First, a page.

“Screens Beckon and Change”

Throughout my childhood and on I went to the movies. In the 1950’s the movies I watched were often dramatic and upsetting. From the death in Bambi to the shooting of the rabid dog in 1957’s Old Yeller, no one seemed intent on keeping me from some of the hard truths of life. Even fantasy could be quite scary. I remember being haunted by the endless reproduction of brooms in Walt Disney’s Fantasia. My little brother went screaming out of the theater when the flying monkeys appeared in The Wizard of Oz. My father, brother and I went to see The Guns of Navarone in 1961, so I know I had seen some war scenes.

Still nothing could have prepared me for the 1967 film Bonnie and Clyde. For the first time violence was graphically and chillingly portrayed. At that moment I realized how much I had been protected from such scenes in movies until then. It sickened me in a way that movie goers since, hardened by endless scenes of graphic violence, probably never are.

At the same time television began to broadcast chilling scenes of racial violence. The evening news showed body bags returning from Viet Nam. Seemingly at once I was jolted, in the middle 60’s, out of the cocoon my culture had provided until then. It was a rough awakening to be sure.

42 thoughts on ““Screens Beckon and Change”

      1. Oh, Pere, im a bawler for emotional stories. Let me count the times. As to your story, I had a 7th gr teacher, Miss Sullivan, who cried when she read ‘Evangeline’, a long poem by Longfellow (I had to look up the author). That’s all I remember about the poem, that she cried.

        Liked by 1 person

  1. I loved Old Yeller. I still have the theme song on a 75rpm disc. I remember having nightmares of little people invading my bed after being taken to see the Wixard of Oz, and my youngest daughter burst into loud tears at the death of Bambi’s mother. (Since I had the other three with me, 3, 5 and 7 years old, I couldn’t take her out of the cinema.)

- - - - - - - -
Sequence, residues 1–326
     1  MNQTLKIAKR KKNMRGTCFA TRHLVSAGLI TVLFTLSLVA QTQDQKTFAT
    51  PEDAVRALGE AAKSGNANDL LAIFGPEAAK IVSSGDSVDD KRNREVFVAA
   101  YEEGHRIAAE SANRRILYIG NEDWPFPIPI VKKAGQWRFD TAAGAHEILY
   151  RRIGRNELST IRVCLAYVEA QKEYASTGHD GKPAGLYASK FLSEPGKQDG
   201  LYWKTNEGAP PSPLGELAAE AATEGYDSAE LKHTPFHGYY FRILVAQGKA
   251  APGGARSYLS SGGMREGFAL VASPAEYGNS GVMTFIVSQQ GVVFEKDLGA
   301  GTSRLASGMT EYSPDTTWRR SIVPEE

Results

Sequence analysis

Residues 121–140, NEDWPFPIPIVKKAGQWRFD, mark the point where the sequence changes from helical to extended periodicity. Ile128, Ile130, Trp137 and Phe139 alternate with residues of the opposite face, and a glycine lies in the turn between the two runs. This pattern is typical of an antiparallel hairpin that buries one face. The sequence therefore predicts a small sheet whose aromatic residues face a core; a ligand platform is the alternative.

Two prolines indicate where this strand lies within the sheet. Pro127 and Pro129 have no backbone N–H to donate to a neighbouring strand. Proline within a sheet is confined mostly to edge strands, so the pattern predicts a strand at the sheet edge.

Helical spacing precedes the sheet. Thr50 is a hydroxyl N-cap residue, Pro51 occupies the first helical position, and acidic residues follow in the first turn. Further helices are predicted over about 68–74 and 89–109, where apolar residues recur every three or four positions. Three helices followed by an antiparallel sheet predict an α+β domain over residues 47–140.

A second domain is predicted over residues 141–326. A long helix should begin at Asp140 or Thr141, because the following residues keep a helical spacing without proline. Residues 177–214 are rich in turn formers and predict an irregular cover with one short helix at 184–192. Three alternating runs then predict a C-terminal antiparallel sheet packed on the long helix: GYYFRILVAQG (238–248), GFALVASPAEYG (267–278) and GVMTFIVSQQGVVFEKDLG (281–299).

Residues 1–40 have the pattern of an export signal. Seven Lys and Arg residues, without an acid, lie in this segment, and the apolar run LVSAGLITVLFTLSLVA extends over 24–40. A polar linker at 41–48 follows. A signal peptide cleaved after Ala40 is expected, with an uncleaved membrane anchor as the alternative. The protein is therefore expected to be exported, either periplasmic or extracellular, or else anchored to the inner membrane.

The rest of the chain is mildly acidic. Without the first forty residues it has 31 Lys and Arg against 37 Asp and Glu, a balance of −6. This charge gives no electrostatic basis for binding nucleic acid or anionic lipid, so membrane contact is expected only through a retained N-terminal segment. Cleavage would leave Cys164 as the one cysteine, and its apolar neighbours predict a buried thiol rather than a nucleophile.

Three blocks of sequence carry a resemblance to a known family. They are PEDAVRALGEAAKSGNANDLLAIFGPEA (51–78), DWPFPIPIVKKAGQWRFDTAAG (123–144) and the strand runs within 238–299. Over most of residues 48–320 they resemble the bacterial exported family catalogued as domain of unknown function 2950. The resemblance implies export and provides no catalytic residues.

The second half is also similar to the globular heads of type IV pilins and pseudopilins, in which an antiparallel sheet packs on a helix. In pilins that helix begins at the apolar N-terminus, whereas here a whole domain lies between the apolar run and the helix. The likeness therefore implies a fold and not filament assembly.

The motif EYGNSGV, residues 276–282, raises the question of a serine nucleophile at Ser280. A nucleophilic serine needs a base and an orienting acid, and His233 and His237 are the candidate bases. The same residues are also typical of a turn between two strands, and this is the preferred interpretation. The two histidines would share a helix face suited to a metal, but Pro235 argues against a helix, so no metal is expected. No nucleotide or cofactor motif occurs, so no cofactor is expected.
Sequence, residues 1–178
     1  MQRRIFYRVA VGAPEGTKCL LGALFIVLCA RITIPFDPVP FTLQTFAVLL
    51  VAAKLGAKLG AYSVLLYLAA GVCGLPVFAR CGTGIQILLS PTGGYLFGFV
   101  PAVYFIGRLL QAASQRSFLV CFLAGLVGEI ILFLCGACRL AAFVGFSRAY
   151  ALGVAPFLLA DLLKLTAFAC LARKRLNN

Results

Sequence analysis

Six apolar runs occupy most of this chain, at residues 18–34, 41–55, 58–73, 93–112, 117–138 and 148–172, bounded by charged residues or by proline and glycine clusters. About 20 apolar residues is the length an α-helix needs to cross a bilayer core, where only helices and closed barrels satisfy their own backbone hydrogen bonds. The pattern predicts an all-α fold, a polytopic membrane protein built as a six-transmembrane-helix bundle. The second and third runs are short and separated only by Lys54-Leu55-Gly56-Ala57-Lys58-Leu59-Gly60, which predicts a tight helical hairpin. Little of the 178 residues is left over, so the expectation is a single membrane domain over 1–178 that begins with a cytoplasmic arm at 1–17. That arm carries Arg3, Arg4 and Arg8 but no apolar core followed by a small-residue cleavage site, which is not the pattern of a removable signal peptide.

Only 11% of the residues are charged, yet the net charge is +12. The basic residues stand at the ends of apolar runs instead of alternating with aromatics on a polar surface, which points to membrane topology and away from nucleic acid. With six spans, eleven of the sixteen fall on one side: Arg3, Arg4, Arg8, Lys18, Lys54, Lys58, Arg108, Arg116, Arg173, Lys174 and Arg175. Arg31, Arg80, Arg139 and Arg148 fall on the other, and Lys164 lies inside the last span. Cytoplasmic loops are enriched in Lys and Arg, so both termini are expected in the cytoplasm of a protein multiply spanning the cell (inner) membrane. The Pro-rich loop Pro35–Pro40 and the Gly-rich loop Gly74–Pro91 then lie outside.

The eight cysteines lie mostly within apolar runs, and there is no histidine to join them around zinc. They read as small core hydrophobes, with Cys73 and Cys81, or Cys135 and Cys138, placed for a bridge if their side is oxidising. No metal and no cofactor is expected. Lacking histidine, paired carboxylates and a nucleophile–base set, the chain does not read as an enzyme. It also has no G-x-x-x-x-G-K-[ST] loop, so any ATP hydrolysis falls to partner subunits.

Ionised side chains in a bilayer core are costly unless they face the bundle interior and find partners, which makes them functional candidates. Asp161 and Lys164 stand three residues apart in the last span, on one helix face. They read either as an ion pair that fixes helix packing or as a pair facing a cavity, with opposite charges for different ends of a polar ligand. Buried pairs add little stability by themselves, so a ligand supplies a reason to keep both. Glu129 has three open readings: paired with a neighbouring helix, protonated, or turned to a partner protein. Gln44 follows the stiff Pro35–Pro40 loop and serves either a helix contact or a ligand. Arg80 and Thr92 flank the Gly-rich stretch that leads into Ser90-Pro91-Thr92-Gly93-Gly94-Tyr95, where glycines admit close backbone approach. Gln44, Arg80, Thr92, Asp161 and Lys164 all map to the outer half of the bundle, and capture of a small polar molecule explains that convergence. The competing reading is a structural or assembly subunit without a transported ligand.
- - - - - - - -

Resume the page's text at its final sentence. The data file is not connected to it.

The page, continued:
I can’t watch really graphic stuff. I like detective series, but usually turn away when it gets nasty.


  2. ‘Where the Red Fern Grows” was another heartbreaker. I was not prepared for what I saw when I went to see “Bonnie and Clyde” as a young teenager. Now everything seems to include some level of violence.


      1. I think part of it was the music was upbeat, and images saturated magazines,the culture in general, etc., and fashion was influenced greatly as well. I remember my sister having a floaty ‘Bonnie’ 30s-style dress and strappy shoes! Then, even though we knew how the story would end, we saw the movie and Bam!


  3. My parents took me to the cinema twice every week, from a very young age. It was an escape from our poor quality housing and urban lifestyle. I saw every ‘big’ film that was going, and most of the ‘B’ films too.
    When Bonnie and Clyde was released here, I went to see it with my cousin. I was 15, and she was 17. We thought it was an amazing film, so much so that we went to see it again, 4 days later. Two days after that, I went to see it again, with my best friend from school. It is still the only film I have seen 3 times in the same week.
    Best wishes, Pete.


  4. These days the warnings we get before films and TV begin to put the responsibility on the watcher though some eg ‘some cases of smoking and nose pickings may upset the viewer’ are getting farcical. And the serial violence is getting less graphic thankfully – Straw Dogs still me shudder in memory. The thing that most disturbs me is the willingness to cut (soz) to a forensic dissection with no warning. No one warns you that ‘the removal and weighing of a brain might upset some viewers’.


  5. It was. All the WWII newsreels and movies never showed bloody bodies. The evening news is often sickening. Yet, I still question how relevant it is to most people.


  6. Hi Elizabeth, my childhood was very sheltered too and I never heard the term rape until I was 16. It’s quite weird, the authorities want to rewrite Ronald Dajl’s books to remove references to fat and ugly but the violence and sex in movies and on TV is graphic and chilling. It makes no sense to me.


  7. I cried all the way through Peter Pan because I felt so sorry for all the little boys that didn’t have Mommy’s. I don’t think I saw violent movies until I was much older (still avoid them).


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